Polar bear in the morning

This article is part of the series “2023-06: Arctic Ocean cruise KPH”.

One hour ago my telephone rang. 5:32. I picked up the phone. “Polar bear at the port side” I was told. I put on some overclothes over my pyjamas took the photo backpack and the big lens and walked outside. And there it was: I big polar bear quite near the ship. It had already circled the stern of the ship and was now starboard side.

It sniffed curiously around and was interested in all these smells the ropes emitted. And unfortunately is was quite interesting in the air sampling station as well. I hope that all the cables survived.

When it didn’t find anything of interest it slowly walked away into the fog that had started coming up.

Polar expedition AeN JC3 – day 17 and 18: An incredibly beautiful day on the ice

This article is part of the series “2022-02: Winter cruise KPH”.

Day 17 and a bit of 18 · 7 and 8 March 2022

7 March

We have arrived at a place somewhere between Svalbard’s second largest island Nordaustlandet (14.443 km²) and the easternmost island Kvitøya (682 km²). No one lives permanently on these islands.

The ice experts have found an ice flow and examined it. The ice near the ship has some holes so the dress code is survival suits for the first time. In opposite to the formerly used Regatta suits they have attached boots and neoprene arm and neck cuffs. They shall keep you warm and dry in case you fall into cold water – or in our case break through the ice.

I am very interested to join and observe ice coring, a missing link on this expedition. I wasamhowever quite doubtful whether I will be allowed to enter the unreliable ice on this station. But I am lucky again, I may follow M. and L. onto the ice.

Earlier I was told that I may join the scientists taking ice cores but won’t get the opportunity to take ice cores by myself. That’s understandable. To my huge surprise – and delight! – plans were changed: L. shows me how to do it once and then it’s up to me to take five more ice cores. Give me snow or ice and something to play with and I’m happy ;-).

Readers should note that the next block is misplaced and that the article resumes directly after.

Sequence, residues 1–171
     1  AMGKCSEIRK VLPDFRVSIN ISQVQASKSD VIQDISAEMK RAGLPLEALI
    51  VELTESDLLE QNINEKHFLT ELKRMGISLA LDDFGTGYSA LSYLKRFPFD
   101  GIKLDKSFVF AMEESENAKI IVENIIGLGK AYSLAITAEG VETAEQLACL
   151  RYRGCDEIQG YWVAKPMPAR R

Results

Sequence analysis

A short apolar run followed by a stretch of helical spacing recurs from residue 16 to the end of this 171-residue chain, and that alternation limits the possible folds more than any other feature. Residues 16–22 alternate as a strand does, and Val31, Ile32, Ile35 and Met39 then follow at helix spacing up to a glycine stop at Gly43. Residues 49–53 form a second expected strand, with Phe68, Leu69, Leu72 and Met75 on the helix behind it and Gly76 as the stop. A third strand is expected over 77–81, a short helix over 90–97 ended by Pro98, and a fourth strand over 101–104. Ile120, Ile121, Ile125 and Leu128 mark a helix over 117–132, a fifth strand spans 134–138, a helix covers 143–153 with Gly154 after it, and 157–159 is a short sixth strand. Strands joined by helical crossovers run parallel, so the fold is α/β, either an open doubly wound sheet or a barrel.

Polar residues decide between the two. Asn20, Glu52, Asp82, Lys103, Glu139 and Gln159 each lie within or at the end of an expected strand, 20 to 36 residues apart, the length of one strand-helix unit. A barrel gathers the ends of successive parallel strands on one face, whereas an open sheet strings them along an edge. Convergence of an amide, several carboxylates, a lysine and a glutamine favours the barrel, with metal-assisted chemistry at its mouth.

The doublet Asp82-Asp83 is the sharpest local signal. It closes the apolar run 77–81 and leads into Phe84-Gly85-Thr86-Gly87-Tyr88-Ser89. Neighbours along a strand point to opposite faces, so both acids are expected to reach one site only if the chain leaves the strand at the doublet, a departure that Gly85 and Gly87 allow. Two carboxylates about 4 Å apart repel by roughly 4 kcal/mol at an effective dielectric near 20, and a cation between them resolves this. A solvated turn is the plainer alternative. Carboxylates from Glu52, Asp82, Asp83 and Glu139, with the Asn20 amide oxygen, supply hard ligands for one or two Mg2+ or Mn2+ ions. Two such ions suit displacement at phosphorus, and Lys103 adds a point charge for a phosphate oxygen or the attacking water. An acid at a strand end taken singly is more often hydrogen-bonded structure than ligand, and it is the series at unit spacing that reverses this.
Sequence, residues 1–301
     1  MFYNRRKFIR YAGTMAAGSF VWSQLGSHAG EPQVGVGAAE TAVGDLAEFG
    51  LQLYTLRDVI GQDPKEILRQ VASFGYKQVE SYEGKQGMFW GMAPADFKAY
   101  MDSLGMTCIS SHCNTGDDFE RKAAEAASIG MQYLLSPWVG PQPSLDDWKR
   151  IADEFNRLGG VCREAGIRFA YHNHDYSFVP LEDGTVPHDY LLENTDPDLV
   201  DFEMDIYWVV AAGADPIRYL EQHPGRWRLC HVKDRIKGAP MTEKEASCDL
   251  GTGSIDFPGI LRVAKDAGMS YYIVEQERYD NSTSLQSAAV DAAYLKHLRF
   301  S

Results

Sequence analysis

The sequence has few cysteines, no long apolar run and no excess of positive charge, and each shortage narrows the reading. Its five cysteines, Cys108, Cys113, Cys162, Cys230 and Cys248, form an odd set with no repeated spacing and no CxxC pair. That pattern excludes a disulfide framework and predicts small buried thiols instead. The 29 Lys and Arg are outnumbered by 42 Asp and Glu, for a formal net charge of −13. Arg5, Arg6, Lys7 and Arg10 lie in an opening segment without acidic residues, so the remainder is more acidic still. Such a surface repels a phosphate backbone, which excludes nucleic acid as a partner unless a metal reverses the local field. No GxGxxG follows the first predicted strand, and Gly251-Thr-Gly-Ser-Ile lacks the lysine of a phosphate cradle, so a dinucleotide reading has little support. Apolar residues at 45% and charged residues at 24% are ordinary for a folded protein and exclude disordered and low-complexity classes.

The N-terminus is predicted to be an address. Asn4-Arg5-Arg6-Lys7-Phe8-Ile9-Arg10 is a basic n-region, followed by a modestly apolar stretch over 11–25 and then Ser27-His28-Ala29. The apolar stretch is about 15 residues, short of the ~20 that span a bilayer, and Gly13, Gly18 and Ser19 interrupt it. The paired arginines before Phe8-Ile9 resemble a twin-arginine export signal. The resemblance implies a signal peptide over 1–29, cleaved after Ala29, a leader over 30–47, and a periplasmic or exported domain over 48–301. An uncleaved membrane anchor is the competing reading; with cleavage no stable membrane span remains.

No, I’m no experiences ice corer after five cores. But at least I get an idea and a bit of a routine. In measuring snow depths, ice depths, the freeboard and writing down the values with a pencil. In mounting the large ice core attachment onto the electric drill and removing it after coring. In putting the ice core onto the gutter-shaped cutting board without flooding the electric drill or touching the snow (happened once – sorry!). While M. is cutting the core into slices and putting them into wide-necked plastic bottles I continue with my work. And I have to continue, because I’m still slow and M. shall not wait too long. I think, I could do that for weeks. Standing on the ice and drill cores out of the sea ice.

I have asked Pernille to take some photos from me while coring. These are probably the only photos that prove that I actually did something on the expedition beside of taking photos.

Photo credit: Pernille Amdahl, Nansen Legacy –tusen takk!

And the afternoon? I am allowed just to go onto the ice once more as long as I find some team lead to join. I find one and so get my 7th opportunity on this cruise. Two and a half more hours on the ice. I overhear a radio message. No polar bear warning but the information that our ice flow drifts with more than 2 km/h and the water depth is decreasing. This could damage instruments when they are too deep in the water.

Just some more photos:

And later, when we are on the ship again another polar bear approaches. This time it is a curious one that is very interested in the scientist’s equipment. And since it could harm the bear when it eats cables or plastic it is shooed away with a flare gun. **BANG**. It gallops some metres and then walks away. No polar bears were harmed and as far as I know no cables.

By the way – it was a good decision to use the survival suits. One of the scientists went through the ice today. All of a sudden and quite near the ship. It did not take long to pull the scientist out of the water but without the survival suit this would have been a very wet, cold and unpleasant experience.

8 March